One of the Christians replied: ‘I do not pray to them, because the hand of God made them’. "Do you worship the twelve sacred mountains?" ‘I do not worship them, because they are only mountains’. "Do you pray to the idols which preside over the consecration of kings?" ‘I do not pray to them, because the hand of man made them’. "Do you pray to the ancestors of the rulers?" ‘Kings and governors are given to us by God so that we obey them and pay them homage, but they are only men like us. When we pray, it is God alone whom we address’. "Do you distinguish other days and do you observe the sabbath?" ‘It is the day of the great God, for in six days the Lord made all his works, then he rested on the seventh day and declared that day holy. That is why we rest and keep that day holy.’ (Bruno Chenu, The Book of Christian Martyrs, p. 148.)

All the other Christians replied in the same way. One man, who hitherto had stood apart, seeing a woman confess God and recalling that those who denied him would regret it, came forward and spoke in turn as the other’s had done. And when these brothers and sisters had been bound, the husband of one of them who had heard their confession approached them and said to them, ‘Do not be afraid, for it will be a good thing for you to die for such a cause’. This man was a soldier who lived in quite a remote place, and he was not among the number of the accused, but then he was interrogated, and as he made the same confession, he was bound like the rest. Then they fastened the bonds of these brothers and sisters very tightly, led them off and shut each one of them in a separate house. On 22 March 1849, when one of the Christians said, ‘Yahweh alone is God above any other’s name that can be named, and Jesus Christ is also God’, the people who were there uttered great cries and mocked at them. Then the officer said to another. "Rabodonampoinimerina (that is the sacred name of the queen) is our God and not yours." Thereupon the Christian replied, ‘the God who made me is my God, but Rabodo is my queen and my sovereign. And when he would not make any other response but that, the people who were there said, ‘perhaps this is an idiot or a lunatic. But he cried out ‘No, I am not an idiot and I have not lost my mind.’ Then there was great tumult among the people, and they cried out ‘Take him away’ and he was led away to prison.

The following day, before daybreak, the people gathered at Analakely. They took the eighteen brothers, and sisters who had chosen for their part to confess God and inherit eternal life by becoming his sons and daughters, they bound their hands and feet, they attached them to posts surrounded with mats and they put them with the other prisoners. Ten of these eight brothers and eight sisters were united by the faith. When the officers, the soldiers and the Judges arrived, they read out the names of each of the prisoners. Set them apart all together, put soldiers aimed with spears and muskets around them, and then read out the sentences pronounced on them. Some were condemned to fines and the confiscation of their goods, others to be flogged, and eighteen to be put to death, four to be burned and fourteen to be hurled from a great rock and then burned to ashes. The eighteen condemned to death, sitting on the ground and surrounded by soldiers, began to chant hymn 137 (according to the Malagasy hymn book then in use).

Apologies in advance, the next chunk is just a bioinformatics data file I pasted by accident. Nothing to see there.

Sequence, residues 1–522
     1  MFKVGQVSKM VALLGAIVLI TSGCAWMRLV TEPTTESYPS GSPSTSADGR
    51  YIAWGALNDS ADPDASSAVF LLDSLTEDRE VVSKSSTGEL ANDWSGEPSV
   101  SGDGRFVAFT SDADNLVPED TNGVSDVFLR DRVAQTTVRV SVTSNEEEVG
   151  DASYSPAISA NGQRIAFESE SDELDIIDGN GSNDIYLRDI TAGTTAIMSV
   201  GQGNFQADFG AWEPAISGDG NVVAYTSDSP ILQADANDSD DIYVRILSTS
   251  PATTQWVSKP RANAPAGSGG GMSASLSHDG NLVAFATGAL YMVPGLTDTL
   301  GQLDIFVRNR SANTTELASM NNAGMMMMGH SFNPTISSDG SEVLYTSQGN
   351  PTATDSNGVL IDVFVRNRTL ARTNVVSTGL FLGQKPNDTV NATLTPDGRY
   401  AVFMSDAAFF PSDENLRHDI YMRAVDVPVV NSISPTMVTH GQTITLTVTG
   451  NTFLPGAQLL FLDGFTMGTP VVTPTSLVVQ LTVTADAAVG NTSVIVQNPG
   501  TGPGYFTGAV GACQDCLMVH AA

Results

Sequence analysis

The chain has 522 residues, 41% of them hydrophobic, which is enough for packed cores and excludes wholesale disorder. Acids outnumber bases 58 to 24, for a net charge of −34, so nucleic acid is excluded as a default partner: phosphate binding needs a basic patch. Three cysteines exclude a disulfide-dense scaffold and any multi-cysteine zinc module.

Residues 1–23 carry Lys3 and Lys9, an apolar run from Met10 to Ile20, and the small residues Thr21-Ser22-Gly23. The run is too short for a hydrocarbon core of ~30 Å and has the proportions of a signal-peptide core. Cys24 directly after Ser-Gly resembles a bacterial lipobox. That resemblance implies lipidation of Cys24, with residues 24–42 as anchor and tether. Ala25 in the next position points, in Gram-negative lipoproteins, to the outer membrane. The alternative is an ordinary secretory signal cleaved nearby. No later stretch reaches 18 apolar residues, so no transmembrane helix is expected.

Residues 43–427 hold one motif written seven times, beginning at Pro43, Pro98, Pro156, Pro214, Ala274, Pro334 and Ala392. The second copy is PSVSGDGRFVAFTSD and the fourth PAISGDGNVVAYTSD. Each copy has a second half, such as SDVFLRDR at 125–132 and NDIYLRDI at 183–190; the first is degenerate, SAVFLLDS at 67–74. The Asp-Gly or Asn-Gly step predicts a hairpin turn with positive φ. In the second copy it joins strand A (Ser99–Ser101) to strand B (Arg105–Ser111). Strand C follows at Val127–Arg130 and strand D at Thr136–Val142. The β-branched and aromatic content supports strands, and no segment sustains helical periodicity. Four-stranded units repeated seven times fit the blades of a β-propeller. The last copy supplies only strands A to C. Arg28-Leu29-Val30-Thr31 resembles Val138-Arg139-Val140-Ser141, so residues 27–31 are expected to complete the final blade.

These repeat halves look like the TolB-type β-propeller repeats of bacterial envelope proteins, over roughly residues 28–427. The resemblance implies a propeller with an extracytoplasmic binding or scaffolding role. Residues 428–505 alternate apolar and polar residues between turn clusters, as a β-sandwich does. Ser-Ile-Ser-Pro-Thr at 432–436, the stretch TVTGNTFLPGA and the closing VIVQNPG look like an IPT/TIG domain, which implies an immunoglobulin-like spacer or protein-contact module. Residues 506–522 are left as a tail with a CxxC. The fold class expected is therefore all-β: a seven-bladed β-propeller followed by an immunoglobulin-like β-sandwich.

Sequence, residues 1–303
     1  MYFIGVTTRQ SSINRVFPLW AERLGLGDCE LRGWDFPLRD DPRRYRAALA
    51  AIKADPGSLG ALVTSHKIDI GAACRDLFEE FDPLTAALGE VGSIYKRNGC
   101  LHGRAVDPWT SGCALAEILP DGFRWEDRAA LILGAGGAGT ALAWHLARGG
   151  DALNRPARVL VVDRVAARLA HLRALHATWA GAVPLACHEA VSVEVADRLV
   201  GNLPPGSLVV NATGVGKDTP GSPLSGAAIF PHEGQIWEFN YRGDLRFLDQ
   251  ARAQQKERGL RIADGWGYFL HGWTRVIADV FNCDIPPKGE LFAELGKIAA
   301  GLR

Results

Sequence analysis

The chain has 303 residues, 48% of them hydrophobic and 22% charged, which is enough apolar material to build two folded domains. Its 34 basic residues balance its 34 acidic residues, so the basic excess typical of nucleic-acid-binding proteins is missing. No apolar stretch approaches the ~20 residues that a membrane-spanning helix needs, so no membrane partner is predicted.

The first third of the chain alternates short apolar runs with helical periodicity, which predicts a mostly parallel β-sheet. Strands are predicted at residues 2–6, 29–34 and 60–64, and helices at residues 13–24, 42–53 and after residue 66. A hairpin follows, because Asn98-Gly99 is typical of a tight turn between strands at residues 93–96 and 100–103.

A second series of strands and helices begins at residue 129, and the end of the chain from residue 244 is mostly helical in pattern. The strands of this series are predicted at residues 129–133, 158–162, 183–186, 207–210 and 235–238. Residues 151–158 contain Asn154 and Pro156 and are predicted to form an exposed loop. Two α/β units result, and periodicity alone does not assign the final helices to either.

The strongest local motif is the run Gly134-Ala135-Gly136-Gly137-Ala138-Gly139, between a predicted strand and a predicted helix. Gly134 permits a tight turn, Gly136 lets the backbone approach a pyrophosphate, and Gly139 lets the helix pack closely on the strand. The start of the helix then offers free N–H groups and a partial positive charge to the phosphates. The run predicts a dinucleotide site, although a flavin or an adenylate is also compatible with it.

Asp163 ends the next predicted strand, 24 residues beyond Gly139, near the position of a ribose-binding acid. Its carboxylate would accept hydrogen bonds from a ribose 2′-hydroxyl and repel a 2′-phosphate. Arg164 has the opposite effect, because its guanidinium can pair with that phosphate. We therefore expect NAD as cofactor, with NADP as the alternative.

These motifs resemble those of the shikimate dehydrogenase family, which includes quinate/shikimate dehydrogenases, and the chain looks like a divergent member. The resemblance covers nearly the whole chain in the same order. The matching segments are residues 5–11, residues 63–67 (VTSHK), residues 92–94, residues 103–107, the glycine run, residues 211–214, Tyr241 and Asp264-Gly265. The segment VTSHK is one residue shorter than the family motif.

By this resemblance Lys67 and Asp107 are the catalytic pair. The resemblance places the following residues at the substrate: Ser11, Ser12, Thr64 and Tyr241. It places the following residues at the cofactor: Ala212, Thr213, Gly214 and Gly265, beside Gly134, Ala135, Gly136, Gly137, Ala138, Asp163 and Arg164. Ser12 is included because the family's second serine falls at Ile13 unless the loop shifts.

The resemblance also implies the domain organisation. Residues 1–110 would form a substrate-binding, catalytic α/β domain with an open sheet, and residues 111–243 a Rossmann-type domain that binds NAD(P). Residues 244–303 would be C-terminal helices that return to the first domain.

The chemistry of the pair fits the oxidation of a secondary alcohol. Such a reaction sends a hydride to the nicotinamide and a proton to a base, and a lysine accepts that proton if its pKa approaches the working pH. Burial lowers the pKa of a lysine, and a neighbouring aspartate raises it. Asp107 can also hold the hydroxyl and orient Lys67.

When I die, when I leave my friends

When these friends lament over me

When my life has departed from me

then I shall be truly happy

When the sentences had been pronounced, and at the moment when the officer was preparing to return to the superior authorities, the four Christians condemned to be burned begged him, asking to be put to death before being burned, but this request was not granted.

When the officers had left, they took the eighteen condemned to death and led them to the place of execution. The fourteen who were to be hurled down were tied by hands and feet to long poles which men put on their shoulders. And as they were carried in this way, these brothers prayed and spoke to the people, and those who saw them close by said that their faces were like the faces of angels. When they arrived at the summit of Amapamarinana they were hurled down and their bodies were then dragged from the other side of the capital to be burned with the bodies of those who were to perish at the stake.

While the four Christians who were condemned to be burnt alive were on their way to the place of execution, they sang the hymn which begins, ‘when our hearts are troubled’, and of which all the verses end with the words ‘Remember’. All along the road they sang like this. When they arrived at Taravihitra, firewood was fastened to the posts to burn them. And at that moment there was a rainbow in the clouds, not far from the place of their execution. Then they sang hymn 158.

There is a blessed land

Where we shall be happy

Our rest will never be disturbed

They know no sorrow here.

They were still singing this hymn when they were in the fire. Then they prayed, saying ‘Lord receive our spirits. it is because of your love that this is happening to us. Lord, lay not this sin to their charge’. (Bruno Chenu, The Book of Christian Martyrs, p. 149-51.)

And they prayed like this as long as life remained in them. Then they died gently and in peace.


The missionaries’ work and life are appreciable. Because of the Christian missionaries work, the Madagascar people turned against the Monarchy rule of Madagascar. They introduced a lot of development work for the upliftment of the people of Madagascar. They introduced education system in Madagascar; through these schools also served to train the modern officers which King needed to form an army, capable officers for conquering the island and reinforcing the instruments of state whose authority was subject to much opposition. In the name of missionary work, the missionaries produced capable leaders for conquering. Another important criticism about missionaries is that the Madagascar people were disturbed by the hostile attitude of the missionaries towards their ancient religious customs. In a pluralistic society like India how can we neglect other faiths and religious customs?



Chenu Bruno and Others, The Book of Christian Martyrs, London SCM Press, 1990.

Barett, World Christian Encyclopedia, Oxford.

Freeman and Johns, The Persecution of the Christians of Madagascar.